I am running a periodic series where I interview some of the professions collectors come across. My purpose is to shed light on what they do and how they work, especially for new collectors. For the third post in this series I interviewed Dorothy Raphaely, owner of Antique Map Coloring by Dorothy Raphaely.
Dorothy Raphaely has been in the business of coloring antique maps for twenty some years. Her training is as an artist, and by career a graphic and textile designer. Like many of us in the the world of antiquarian maps, she is motivated by passion, saying that collecting maps “pulled her in”.
Dorothy immediately identifies herself as a “reluctant colorist” believing that not all maps should be colored. This is certainly in keeping with conventional thinking within collecting circles that a well colored map is often of higher value than an uncolored one, such is not always the case; further, poor coloring, not in true to the norms of the period, will devalue a map. Her clients are typically dealers, and as such, determining whether and how a piece should be colored is collaborative, however Dorothy says she will push back when she believes a piece should remain uncolored.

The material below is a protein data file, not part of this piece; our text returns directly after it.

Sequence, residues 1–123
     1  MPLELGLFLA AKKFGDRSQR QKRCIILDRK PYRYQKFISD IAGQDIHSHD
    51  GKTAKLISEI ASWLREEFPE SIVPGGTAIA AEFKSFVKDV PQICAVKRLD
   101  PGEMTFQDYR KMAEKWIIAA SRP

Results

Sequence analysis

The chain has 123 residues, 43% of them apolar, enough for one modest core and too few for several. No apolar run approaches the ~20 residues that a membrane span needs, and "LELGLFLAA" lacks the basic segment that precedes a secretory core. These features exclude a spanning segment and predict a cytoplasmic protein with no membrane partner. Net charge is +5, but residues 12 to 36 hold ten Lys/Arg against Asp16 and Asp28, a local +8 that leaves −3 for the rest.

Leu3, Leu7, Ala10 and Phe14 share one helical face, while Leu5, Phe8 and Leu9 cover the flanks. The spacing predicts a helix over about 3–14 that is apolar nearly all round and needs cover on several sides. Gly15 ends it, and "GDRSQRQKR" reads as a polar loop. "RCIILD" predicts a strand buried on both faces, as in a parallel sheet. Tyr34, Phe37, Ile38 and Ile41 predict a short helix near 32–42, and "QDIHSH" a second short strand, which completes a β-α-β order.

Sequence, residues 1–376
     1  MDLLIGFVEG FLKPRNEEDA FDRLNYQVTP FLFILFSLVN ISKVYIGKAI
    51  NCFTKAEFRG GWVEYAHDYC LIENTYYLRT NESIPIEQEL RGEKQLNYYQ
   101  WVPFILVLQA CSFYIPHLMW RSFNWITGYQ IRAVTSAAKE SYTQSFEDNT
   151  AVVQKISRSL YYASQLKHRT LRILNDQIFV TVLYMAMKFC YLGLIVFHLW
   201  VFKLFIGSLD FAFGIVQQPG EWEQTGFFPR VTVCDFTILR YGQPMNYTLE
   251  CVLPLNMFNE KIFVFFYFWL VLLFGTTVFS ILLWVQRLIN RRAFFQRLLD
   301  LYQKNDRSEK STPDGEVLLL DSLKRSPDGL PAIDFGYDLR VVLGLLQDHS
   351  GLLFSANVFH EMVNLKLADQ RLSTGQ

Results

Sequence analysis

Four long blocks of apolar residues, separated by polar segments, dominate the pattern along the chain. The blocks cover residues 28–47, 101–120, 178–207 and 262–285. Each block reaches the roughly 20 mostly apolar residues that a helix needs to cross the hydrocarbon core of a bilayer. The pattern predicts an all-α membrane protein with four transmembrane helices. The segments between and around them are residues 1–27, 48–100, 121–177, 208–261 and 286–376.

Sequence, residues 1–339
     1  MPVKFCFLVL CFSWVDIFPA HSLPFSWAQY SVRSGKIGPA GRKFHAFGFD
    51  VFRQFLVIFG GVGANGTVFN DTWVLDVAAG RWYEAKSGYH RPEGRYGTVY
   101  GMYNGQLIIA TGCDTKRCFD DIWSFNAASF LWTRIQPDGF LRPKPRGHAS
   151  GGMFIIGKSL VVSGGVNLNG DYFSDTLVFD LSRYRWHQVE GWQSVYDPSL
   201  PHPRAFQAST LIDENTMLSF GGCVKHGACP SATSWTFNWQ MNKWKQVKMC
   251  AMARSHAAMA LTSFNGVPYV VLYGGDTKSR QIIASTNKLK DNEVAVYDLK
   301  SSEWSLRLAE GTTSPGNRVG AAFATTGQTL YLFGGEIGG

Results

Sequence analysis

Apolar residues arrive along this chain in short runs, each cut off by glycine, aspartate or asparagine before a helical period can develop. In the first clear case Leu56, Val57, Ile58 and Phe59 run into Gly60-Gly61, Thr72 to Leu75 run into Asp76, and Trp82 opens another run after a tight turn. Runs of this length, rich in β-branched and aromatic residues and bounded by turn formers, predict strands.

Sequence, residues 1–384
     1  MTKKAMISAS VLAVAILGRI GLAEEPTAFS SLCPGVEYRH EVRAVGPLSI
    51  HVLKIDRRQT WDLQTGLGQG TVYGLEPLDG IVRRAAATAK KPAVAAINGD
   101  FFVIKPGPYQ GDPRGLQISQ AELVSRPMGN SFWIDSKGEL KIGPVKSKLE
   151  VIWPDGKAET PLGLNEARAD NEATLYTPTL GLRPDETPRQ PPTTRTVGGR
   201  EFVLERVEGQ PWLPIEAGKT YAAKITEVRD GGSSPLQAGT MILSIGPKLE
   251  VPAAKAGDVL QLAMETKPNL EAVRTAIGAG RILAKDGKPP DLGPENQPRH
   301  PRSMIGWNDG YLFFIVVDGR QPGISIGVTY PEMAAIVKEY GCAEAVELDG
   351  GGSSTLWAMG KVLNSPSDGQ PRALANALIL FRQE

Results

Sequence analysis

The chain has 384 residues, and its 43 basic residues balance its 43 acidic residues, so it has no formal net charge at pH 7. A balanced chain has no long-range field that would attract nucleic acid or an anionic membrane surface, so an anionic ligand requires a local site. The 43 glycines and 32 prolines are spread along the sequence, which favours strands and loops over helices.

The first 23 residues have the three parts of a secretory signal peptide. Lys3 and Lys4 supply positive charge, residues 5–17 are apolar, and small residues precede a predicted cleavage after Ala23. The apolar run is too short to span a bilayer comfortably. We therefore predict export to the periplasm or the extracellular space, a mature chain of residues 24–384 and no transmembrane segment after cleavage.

With online research on style, paper, and pigment, and considering her client’s preferences, Dorothy plans coloring in keeping with the map’s period. She applies sizing to the paper before coloring; she begins coloring at the neat line. Noting the variety of papers maps were printed on, she “often [doesn’t] know until [she puts] the brush to paper how it will behave.” And it is uncertainty such as this, or “fear” as she calls it, that she likes the least about her work. Dorothy explains that the hardest part of her work is in evenly coloring large areas, where “…blue pigment[s] in large areas like the sea are notoriously difficult to control for even distribution and no bleed through to the verso.”
Decorative maps are her favorite to color as they afford the most opportunity to showcase her skill.
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© Peter Roehrich, 2016